EA Access: What to Know and What it’s Worth
Earlier this week, Electronic Arts released its new subscription service EA Access to the public. This Xbox One exclusive gives gamers unlimited access to specified EA titles and discounts on EA products, among other perks.
THE LOW DOWN
The EA Access subscription service is available exclusively on the Xbox One console. There are multiple benefits that EA will be offering to their subscribers. To start, EA grants you access to “The Vault”, which consists of a selection of EA titles that you can play as much or as little as you want. At launch this week, those titles included: Battlefield 4, Peggle 2, FIFA 14, and Madden NFL 25, with more titles to be announced.
In a recent interview with CVG, EA COO Peter Moore goes on to reassure that once titles are in the Vault, they won’t disappear.
“I think one of the key things is that once a game goes into the Vault it stays there, it’s not going to be taken out, that’s a commitment we’ve made.”
In addition to having unlimited access to full games through the Vault, EA will also be offering what they call “Play First”; granting limited access to certain titles five days before their release. Saying that access is limited prior to release is a general term, however. What type of access is granted depends on the game. You could be limited to a certain mode for the duration of the trial period, or it could be the full game. Once those five days are up access to the title is cut, but your progress is saved as it normally would be. So if you loved the game and decide to purchase it, you can continue right where you left off.
Lastly, being a subscription member grants you a 10% discount on EA digital purchases on the Xbox One. That includes full games, DLC, and in-game currency. The discount is subject to certain conditions and exclusions, however.
Pricing for EA Access is affordable at $4.99 per month or $29.99 for a full year.
IS IT WORTH IT?
It really depends on your gaming habits. Those of us who are fans of EA titles but need to be frugal about purchases, could make good use out of this service. Sure, the full titles you’ll have access to will probably be a little older by the time you get to experience them, but unless Game Stop is selling it for $4.99, it’s a good deal. Plus, having access to games prior to their release makes you a more educated consumer. This way you can try it out before deciding to drop $60 on a game that might not be as fantastic as it’s made out to be. Oh, and not to mention bragging rights. So while you’re buddies are thinking “Man, I can’t wait for Dragon Age: Inquisition to come out on Tuesday!” you could be sitting at home, playing the hell out of it.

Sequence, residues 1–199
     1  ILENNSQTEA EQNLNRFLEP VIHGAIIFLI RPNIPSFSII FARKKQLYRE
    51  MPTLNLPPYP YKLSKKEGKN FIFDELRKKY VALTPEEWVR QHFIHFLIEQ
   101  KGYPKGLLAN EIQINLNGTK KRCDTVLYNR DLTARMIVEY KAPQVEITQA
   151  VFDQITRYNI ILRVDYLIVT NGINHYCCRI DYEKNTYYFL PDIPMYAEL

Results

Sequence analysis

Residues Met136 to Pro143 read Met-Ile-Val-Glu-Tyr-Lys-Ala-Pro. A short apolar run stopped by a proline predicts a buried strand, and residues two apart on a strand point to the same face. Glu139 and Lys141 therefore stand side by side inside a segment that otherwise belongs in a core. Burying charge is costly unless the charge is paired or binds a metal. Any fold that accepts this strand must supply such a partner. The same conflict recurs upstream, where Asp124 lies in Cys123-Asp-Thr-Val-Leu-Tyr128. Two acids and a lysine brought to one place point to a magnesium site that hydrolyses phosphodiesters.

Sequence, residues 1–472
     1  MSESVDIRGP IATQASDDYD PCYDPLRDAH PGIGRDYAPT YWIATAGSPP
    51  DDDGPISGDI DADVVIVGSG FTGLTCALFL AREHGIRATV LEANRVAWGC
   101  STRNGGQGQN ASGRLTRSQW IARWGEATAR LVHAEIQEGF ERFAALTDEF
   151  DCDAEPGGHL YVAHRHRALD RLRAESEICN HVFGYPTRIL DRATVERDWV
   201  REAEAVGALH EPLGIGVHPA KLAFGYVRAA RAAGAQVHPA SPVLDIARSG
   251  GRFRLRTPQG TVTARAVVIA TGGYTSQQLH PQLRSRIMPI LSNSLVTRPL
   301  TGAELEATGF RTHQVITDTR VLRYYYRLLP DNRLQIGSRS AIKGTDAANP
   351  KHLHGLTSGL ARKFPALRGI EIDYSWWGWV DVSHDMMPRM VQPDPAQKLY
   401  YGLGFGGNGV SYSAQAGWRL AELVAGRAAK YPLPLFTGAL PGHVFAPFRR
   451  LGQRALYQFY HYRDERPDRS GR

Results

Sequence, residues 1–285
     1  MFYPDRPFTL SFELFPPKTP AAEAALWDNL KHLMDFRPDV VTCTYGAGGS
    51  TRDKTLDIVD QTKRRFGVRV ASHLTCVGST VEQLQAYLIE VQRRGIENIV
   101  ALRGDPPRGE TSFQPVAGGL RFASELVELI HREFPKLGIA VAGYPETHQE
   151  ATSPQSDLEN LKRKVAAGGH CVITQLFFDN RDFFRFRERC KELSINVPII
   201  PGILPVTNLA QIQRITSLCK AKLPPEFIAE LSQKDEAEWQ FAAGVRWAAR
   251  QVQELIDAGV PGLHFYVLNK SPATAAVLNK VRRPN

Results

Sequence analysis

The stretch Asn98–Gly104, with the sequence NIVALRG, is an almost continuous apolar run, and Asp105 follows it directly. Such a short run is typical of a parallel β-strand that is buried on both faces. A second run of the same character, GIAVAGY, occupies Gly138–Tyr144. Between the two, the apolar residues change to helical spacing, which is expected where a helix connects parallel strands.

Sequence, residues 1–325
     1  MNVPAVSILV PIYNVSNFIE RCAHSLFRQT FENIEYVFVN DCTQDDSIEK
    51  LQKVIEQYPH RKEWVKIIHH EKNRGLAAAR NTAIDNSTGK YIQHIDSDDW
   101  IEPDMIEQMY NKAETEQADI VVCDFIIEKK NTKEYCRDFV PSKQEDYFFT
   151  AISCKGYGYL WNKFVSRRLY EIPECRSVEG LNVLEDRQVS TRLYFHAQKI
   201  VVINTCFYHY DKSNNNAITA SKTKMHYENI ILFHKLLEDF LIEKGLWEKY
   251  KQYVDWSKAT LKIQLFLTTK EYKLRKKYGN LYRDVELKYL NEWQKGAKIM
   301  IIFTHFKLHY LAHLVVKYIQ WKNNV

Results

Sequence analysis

For those who are fans of EA Sports titles, EA Access may be the best bang for your buck. You could potentially have access to newer EA Sports titles every year. So instead of spending $60 on a new game every year (or few years like many do), you could pay the $30 to play for a year or $5 a month for just a few months and get your moneys worth.
With all the good, there are flaws with the system. For one, this is meant only for the Xbox One crowd. So if you’ve yet to upgrade to their next-gen console or you’re simply a PlayStation fan, I’m afraid you’re out of luck. Mind you, EA had pitched the concept to Sony, but they declined stating that they didn’t think it was a “good value”.
Another downfall is that not all titles will be available through EA Access, nor is there a definitive template for when titles will enter the Vault. There’s also the possibility of EA realizing that they can’t keep their titles in the Vault indefinitely as originally promised. Business strategies are an ever changing beast, so we’ll have to wait and see if they can keep their word.
Whether or not EA Access is worth it, is ultimately up to you. I’ll be looking forward to getting my own subscription, but only after more titles are available in the Vault. How about you? Will you dive right in or pass on it?